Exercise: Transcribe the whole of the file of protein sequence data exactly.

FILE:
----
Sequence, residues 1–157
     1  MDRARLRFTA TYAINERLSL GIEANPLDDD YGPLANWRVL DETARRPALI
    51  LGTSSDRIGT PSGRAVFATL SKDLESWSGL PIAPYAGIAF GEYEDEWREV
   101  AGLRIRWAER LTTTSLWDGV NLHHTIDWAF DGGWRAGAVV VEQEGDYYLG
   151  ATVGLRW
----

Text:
Sequence, residues 1–157
     1  MDRARLRFTA TYAINERLSL GIEANPLDDD YGPLANWRVL DETARRPALI
    51  LGTSSDRIGT PSGRAVFATL SKDLESWSGL PIAPYAGIAF GEYEDEWREV
   101  AGLRIRWAER LTTTSLWDGV NLHHTIDWAF DGGWRAGAVV VEQEGDYYLG
   151  ATVGLRW